Sean wished the Nora Jane had a rope. Then he could – what? Smoke in the wheelhouse with Dick? Maybe that was why Dick didn’t get a rope. He could see Dick watching him. He turned his head in the other direction. The sun leapt from wave to wave between here and Achill. He fell to watching it for a while, almost in a trance, until suddenly a dark shape sliced the surface of the water some way off. His first thought was that it was a dolphin, but his heart had raced before his mind and was already galloping. Another dark body surfaced, and another. They rolled languidly through the water before slowly descending once more.
“Dick!” His voice didn’t seem to work. He tried again. “Dick!” he yelled.
“What?” Dick sounded annoyed. Sean kept his eyes on the roil of dark, gigantic bodies. Footsteps clumped up the deck towards him. “What?”
Sean pointed. “Whales.” Several spurts of water rose in the air. In the calmness of the morning Sean was sure he could hear the gentle hiss of the whales’ blowholes. They were some distance away, but even so he could sense the quiet immensity of the creatures. “Killer whales I think; orcas. I don’t know what they’re doing so far in…”
“Ay.” Dick leaned his elbows on the railing and took the cigarette from his mouth. “They’ve been seen out the west of the island before all right. That was almost ten years ago. I didn’t see them myself, now, but Austie Winters was in his curragh that day and he said he got the fright of his life when they came right up beside him.”
This seemed to be all Dick had to say on the subject, but his pale eyes remained fixed on the slow dance of fins and tails. Sean took out his phone to call Da and tell him to get his binoculars out, but there was no reception out here. By now the whales caught the attention of those on the Celtic Eagle. He could hear Bill and Patrick calling to each other, and he saw them on the deck, looking at the whales. When Bill caught sight of him he waved and gave him a thumbs-up. Eventually Dick went back into the wheelhouse and they continued on to the next cage. Sean held the pipe. He watched the whales until, having glanced down briefly at the flurry of salmon, he looked up again and they were gone.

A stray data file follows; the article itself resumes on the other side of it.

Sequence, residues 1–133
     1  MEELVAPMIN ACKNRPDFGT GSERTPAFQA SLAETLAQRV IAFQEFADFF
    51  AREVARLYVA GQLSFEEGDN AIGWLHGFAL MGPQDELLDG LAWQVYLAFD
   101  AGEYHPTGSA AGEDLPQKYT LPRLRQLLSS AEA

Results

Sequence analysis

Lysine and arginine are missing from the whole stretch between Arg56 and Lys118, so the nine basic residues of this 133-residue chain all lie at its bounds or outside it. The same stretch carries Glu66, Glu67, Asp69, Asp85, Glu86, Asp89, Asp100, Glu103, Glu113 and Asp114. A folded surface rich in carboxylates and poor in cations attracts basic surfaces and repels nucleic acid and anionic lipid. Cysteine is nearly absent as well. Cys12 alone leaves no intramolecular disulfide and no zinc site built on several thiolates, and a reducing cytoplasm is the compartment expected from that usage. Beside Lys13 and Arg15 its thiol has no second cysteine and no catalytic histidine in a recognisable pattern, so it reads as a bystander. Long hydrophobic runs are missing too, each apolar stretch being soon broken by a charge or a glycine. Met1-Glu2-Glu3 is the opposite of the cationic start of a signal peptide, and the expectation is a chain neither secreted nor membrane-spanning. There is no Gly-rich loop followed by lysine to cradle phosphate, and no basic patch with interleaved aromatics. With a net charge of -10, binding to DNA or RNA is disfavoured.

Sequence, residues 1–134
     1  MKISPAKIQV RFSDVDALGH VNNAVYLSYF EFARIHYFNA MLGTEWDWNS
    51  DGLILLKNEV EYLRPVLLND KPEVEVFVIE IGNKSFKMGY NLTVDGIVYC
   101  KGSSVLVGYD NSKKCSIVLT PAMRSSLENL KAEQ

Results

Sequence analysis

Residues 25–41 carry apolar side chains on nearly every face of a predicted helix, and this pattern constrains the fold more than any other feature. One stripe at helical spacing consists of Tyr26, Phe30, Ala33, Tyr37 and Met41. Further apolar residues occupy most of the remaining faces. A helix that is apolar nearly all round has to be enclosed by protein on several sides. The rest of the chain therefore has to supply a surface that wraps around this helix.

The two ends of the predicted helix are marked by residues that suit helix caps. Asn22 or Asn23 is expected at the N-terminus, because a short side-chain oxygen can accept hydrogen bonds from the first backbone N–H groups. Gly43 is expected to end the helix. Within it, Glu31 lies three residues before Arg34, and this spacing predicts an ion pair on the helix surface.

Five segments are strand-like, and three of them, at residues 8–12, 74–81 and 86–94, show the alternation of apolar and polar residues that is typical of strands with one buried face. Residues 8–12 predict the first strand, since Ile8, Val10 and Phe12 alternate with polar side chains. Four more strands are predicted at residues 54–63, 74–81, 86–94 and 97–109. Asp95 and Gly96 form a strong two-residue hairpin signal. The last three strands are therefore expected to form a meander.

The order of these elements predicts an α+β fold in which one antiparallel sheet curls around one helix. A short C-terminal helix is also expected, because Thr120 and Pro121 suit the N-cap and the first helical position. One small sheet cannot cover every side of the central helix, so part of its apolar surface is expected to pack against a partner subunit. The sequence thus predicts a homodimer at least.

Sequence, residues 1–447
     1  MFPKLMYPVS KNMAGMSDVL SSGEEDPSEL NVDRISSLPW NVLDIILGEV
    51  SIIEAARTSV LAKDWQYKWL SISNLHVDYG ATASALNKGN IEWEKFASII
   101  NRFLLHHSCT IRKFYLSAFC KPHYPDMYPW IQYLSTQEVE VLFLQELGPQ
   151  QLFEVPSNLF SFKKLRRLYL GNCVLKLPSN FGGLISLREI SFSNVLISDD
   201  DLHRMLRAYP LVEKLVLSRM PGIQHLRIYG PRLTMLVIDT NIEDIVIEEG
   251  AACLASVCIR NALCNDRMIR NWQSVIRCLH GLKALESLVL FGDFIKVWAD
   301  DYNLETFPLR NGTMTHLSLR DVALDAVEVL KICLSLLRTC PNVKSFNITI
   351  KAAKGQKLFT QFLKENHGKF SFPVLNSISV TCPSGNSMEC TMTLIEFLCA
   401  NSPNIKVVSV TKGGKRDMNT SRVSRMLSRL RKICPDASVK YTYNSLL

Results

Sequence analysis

The day wore on. Sean’s arms ached and his skin felt raw where the sun had eaten at him. The whales were beginning to seem like a dream. As they headed back to the harbour he imagined telling the crowds of tourists, who would be waiting for the ferry back to the mainland, about the whales. They would listen and gawp and longingly fondle the cameras around their necks. But the ferry had already left by the time they returned. Stillness had fallen over the island and as he cycled home not a breeze was stirring in the whims.
At home, the kitchen was yellow with evening sunlight. The potatoes were boiling on the hob but there was no sign of his parents or Jake. Sean tossed his bag in the corner and stood at the back door looking out on the yard. Their old collie was lying there, gazing up at him through rheumatic eyes.
“Whales, Shep,” said Sean. Shep feebly wagged his tail.
In the bathroom he stripped and got into the shower. The hot water drummed on his skin. When he closed his eyes he saw the swirl of waves and the rise and fall of rose-thorn fins. He always showered after work. No amount of soap and scrubbing could completely erase a lingering fish-stink, a sense of scales.